“No tears in the writer,” American poet Robert Frost once wrote, “no tears in the reader.”
Melbourne-based indie pop musician Olivia Bartley, better known as Olympia, took this philosophy to heart for second album Flamingo.
The follow-up to ARIA Award-nominated 2016 debut Self Talk features 11 songs, including rocking singles Star City, Hounds and Shoot to Forget, radiating from a relationship which ended due to addiction.
“Self Talk was very observational and cerebral, whereas Flamingo is more unhinged,” Bartley says from a library in Melbourne where she is gathering inspiration for future songs.
She goes on to describe her new album as “visceral and kinetic and confronting”.
“I really wanted people to feel something and for me to do that I needed to get way out of my comfort zone,” the Wollongong-born artist continues.
“I needed to bring people right to the source of my ... well, it’s essentially pain, grief and love.”
Flamingo is, in part, a love record, fuelled by contradictory forces of hope and hopelessness — plus her trademark hodgepodge of cultural touchstones ranging from musician icons Annie Lennox and Lou Reed, painter Francis Bacon, poets Natalie Diaz and Nick Flynn, photographer Alex Prager and late German dancer Pina Bausch.
“Highs and lows,” Bartley offers. “If you’ve ever loved someone who suffers from addiction, there’s siege mentality, there’s this feeling of being trapped, of being helpless.”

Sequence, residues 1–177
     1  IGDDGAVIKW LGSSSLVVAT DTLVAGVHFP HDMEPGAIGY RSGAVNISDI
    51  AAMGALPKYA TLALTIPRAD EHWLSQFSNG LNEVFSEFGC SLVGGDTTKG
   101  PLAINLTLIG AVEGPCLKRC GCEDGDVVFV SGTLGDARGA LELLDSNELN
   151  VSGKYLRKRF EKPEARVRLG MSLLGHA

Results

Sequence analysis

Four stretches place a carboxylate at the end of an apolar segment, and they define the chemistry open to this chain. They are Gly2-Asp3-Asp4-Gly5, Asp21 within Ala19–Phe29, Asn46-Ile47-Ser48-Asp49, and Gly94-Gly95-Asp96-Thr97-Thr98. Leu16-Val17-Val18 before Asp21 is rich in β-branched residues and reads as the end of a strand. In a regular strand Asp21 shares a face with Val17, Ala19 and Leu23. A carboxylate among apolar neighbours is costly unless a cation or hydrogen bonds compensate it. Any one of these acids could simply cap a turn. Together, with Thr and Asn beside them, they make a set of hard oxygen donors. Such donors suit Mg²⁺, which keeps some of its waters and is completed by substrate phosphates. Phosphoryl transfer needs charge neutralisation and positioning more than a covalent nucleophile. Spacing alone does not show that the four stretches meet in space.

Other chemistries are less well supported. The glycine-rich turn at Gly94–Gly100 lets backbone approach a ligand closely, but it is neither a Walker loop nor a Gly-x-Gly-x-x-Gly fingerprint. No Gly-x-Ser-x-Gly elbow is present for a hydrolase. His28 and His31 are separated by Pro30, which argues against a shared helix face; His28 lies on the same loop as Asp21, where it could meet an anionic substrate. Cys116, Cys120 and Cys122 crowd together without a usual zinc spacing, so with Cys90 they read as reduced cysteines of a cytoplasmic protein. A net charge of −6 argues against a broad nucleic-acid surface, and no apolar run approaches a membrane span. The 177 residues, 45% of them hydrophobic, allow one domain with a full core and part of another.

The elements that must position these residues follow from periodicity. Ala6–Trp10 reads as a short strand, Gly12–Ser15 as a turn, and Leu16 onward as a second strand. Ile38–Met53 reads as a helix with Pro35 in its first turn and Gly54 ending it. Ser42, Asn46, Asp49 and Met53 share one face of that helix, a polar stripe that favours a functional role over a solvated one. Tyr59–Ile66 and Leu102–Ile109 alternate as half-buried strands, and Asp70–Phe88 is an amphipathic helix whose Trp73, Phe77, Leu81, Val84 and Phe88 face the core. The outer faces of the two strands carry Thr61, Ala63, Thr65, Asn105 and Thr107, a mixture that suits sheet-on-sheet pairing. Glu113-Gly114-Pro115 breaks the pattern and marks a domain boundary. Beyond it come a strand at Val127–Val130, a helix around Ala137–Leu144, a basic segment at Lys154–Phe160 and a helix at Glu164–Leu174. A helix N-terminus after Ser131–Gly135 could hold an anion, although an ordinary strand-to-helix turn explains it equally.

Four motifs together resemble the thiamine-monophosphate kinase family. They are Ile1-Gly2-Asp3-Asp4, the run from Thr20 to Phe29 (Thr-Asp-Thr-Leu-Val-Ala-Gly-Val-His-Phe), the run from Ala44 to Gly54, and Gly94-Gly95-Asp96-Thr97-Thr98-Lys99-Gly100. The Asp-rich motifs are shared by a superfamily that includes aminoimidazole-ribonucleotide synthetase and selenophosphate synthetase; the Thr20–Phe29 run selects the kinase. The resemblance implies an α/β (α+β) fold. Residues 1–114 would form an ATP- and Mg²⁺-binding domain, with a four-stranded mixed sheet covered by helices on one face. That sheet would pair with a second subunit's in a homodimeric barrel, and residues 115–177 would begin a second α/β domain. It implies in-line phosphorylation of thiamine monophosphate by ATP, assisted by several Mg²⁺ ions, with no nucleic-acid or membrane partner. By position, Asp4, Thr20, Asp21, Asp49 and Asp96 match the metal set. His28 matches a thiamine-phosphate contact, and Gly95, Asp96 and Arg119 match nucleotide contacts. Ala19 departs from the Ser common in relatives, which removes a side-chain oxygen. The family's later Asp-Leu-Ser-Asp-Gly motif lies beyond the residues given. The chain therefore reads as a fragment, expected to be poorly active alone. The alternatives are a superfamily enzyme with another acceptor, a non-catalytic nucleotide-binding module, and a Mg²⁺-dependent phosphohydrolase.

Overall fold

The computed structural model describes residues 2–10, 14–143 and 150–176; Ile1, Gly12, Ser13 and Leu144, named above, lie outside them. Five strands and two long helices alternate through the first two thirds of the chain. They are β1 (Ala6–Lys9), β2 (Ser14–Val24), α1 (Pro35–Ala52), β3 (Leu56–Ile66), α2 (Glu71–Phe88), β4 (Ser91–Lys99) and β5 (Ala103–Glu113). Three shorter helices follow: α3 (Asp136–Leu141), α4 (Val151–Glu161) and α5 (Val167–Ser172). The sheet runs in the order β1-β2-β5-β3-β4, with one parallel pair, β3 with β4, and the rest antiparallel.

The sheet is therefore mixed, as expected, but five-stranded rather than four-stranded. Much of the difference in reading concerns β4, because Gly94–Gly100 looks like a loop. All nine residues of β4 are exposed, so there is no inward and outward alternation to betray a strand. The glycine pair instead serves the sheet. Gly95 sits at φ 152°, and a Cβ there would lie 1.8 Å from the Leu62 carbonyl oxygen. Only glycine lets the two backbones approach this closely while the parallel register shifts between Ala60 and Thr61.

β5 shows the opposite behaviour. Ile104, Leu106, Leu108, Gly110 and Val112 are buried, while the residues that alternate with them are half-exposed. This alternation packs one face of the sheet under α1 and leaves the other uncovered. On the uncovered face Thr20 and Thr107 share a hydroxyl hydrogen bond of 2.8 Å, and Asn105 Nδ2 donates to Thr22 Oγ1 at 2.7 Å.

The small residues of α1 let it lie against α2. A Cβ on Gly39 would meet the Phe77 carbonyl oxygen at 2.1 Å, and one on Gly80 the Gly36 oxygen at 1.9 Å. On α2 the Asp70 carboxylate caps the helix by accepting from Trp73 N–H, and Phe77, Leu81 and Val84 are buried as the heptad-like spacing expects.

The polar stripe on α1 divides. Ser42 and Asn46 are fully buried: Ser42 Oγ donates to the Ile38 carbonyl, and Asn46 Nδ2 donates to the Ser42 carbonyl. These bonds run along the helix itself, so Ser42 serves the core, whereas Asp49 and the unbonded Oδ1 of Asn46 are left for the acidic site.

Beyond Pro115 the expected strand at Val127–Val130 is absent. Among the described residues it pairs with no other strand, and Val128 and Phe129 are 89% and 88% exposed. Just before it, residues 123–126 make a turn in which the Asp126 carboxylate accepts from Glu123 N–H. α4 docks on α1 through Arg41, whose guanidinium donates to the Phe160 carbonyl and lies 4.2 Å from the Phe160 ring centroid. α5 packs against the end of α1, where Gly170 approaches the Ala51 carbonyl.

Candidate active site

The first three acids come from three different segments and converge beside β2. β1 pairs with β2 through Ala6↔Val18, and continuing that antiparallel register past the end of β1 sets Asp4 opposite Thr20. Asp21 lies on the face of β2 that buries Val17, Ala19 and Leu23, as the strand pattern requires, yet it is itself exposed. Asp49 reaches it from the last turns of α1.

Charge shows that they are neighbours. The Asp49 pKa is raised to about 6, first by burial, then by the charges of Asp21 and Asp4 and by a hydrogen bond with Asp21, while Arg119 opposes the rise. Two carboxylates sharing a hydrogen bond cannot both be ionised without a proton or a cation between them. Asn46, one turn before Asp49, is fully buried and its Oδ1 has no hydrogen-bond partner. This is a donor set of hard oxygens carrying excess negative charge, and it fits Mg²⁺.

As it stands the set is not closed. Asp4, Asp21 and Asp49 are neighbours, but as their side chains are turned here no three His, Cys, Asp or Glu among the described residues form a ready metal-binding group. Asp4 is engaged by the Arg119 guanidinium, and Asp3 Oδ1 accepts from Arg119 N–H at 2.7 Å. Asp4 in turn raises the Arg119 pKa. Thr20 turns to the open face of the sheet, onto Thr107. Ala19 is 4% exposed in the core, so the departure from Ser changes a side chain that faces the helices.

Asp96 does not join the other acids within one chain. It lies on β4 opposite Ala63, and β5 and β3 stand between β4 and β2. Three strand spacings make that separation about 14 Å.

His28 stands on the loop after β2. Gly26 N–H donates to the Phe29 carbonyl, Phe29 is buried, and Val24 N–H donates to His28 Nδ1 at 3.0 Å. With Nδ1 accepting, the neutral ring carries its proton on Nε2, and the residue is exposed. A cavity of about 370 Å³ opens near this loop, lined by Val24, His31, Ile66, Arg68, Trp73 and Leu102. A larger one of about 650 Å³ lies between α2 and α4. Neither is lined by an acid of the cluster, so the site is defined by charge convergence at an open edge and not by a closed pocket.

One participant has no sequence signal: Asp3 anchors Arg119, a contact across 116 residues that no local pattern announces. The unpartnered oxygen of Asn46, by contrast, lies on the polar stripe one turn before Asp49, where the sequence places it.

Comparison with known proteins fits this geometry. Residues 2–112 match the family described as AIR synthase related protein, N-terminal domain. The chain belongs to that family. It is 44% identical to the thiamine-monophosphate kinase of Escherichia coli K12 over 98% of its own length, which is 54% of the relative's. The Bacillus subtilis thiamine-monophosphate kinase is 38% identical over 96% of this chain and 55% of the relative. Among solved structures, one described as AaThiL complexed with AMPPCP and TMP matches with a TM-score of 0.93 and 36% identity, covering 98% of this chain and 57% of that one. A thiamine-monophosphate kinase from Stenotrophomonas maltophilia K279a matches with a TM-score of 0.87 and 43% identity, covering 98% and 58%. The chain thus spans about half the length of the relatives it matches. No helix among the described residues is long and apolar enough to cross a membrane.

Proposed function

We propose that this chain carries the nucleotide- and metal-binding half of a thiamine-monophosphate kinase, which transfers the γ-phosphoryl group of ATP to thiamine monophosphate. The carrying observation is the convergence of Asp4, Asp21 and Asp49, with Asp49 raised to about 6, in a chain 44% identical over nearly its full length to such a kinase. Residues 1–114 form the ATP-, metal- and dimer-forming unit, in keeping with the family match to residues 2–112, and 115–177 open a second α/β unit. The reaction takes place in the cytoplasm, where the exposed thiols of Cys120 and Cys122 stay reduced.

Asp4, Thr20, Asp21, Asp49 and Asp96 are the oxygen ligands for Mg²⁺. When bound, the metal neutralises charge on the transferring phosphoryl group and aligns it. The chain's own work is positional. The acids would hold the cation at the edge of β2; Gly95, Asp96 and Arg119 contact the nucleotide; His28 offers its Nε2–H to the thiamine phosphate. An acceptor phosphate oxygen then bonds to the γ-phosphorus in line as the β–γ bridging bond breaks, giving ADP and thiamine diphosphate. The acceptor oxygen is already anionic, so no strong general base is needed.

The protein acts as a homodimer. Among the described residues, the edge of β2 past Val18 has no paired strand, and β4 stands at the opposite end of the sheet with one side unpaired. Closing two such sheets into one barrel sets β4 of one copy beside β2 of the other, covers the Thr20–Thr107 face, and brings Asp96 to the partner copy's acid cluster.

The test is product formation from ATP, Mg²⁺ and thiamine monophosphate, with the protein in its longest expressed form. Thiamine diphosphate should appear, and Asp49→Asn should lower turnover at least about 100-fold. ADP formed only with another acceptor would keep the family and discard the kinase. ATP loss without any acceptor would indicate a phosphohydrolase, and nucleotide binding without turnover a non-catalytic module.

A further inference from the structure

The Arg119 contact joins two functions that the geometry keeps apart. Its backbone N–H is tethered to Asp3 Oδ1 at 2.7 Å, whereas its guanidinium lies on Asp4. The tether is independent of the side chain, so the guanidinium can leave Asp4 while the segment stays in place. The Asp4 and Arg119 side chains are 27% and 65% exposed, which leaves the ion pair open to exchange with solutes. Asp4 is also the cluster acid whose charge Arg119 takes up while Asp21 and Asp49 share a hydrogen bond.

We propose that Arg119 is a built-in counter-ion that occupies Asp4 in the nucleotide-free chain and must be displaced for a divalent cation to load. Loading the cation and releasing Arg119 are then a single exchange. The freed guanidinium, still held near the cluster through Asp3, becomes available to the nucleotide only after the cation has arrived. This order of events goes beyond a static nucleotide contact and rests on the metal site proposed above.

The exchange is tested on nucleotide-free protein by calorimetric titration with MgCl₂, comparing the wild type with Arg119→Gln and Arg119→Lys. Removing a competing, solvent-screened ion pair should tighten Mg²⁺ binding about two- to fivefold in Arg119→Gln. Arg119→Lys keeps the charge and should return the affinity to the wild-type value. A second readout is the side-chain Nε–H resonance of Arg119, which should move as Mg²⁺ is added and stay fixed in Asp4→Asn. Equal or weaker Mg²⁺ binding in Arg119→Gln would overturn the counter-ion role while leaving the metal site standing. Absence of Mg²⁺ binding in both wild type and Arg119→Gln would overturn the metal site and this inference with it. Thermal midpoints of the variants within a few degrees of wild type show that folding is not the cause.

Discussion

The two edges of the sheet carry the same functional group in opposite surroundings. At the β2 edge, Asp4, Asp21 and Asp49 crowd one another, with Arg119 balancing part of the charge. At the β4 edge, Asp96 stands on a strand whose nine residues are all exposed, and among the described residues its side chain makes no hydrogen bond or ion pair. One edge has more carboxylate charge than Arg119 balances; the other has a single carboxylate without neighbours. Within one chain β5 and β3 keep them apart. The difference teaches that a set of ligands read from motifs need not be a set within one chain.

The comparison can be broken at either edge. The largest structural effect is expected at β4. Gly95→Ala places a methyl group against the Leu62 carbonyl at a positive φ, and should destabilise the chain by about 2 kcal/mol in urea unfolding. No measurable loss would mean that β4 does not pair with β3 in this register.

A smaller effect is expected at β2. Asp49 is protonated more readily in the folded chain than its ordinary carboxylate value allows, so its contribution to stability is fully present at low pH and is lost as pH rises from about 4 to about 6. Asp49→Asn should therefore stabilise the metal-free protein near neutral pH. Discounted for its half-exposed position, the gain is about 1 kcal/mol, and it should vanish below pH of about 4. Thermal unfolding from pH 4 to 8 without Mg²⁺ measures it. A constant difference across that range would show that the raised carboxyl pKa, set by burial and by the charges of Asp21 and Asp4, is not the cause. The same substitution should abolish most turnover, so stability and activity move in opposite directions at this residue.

Later in the interview, she cracks a little as the emotional impact of discussing these personal songs threatens to overwhelm.
If Olympia was part pop moniker, part creative armour for Bartley’s transformation after a false start as a folk artist, then Flamingo sees her peel back a few layers.
She dramatically describes the early stages of writing the album as being “as open as a wound in a hospital”.
“I really wanted people to feel something and for me to do that I needed to get way out of my comfort zone.”
“It was a new challenge for me to be this vulnerable,” she says. “I’ve always laughed at writers who would talk about their heart. It’s a muscle of the body, an organ — I don’t get it.
“But I allowed myself to use language that I wouldn’t use in my real life, like ‘come back’ or ‘I need you’. It’s unlocked this huge valve of feeling within me.
“You want to take risks, and you want to discover new parts of yourself as an artist, but ... there is a personal toll there. I feel immensely sad. So, I won’t be talking about my heart any more, thank you.”
Working again with producer Burke Reid, Bartley pushed herself to take risks emotionally and sonically, often recording vocals in ways that could not be recreated during gruelling, protracted sessions in the Grove Studios in NSW.
“We blew out how long it took to make the album,” she explains. “We worked through our birthdays, which are the same day. We worked through Burke’s holiday, which he was meant to have between my record and (Sydney singer-songwriter) Julia Jacklin’s record.”
Speaking of holidays, on the recommendation of videographer Alex Smith, she embarked on a writer’s retreat to Taiwan where her lack of preparation and language barriers resulted in a less than five-star experience.
“I did do Taiwan one solid favour,” laughs Bartley, who kicks off a UK/European tour this month. “I didn’t write any TripAdvisor reviews because I didn’t have a great trip.”
“I ate the same thing every day and I stayed in an artist’s studio — it looked like a Soviet bunker, a concrete box.
“I am a masochist as well as pretty rash.”
Flamingo is out now.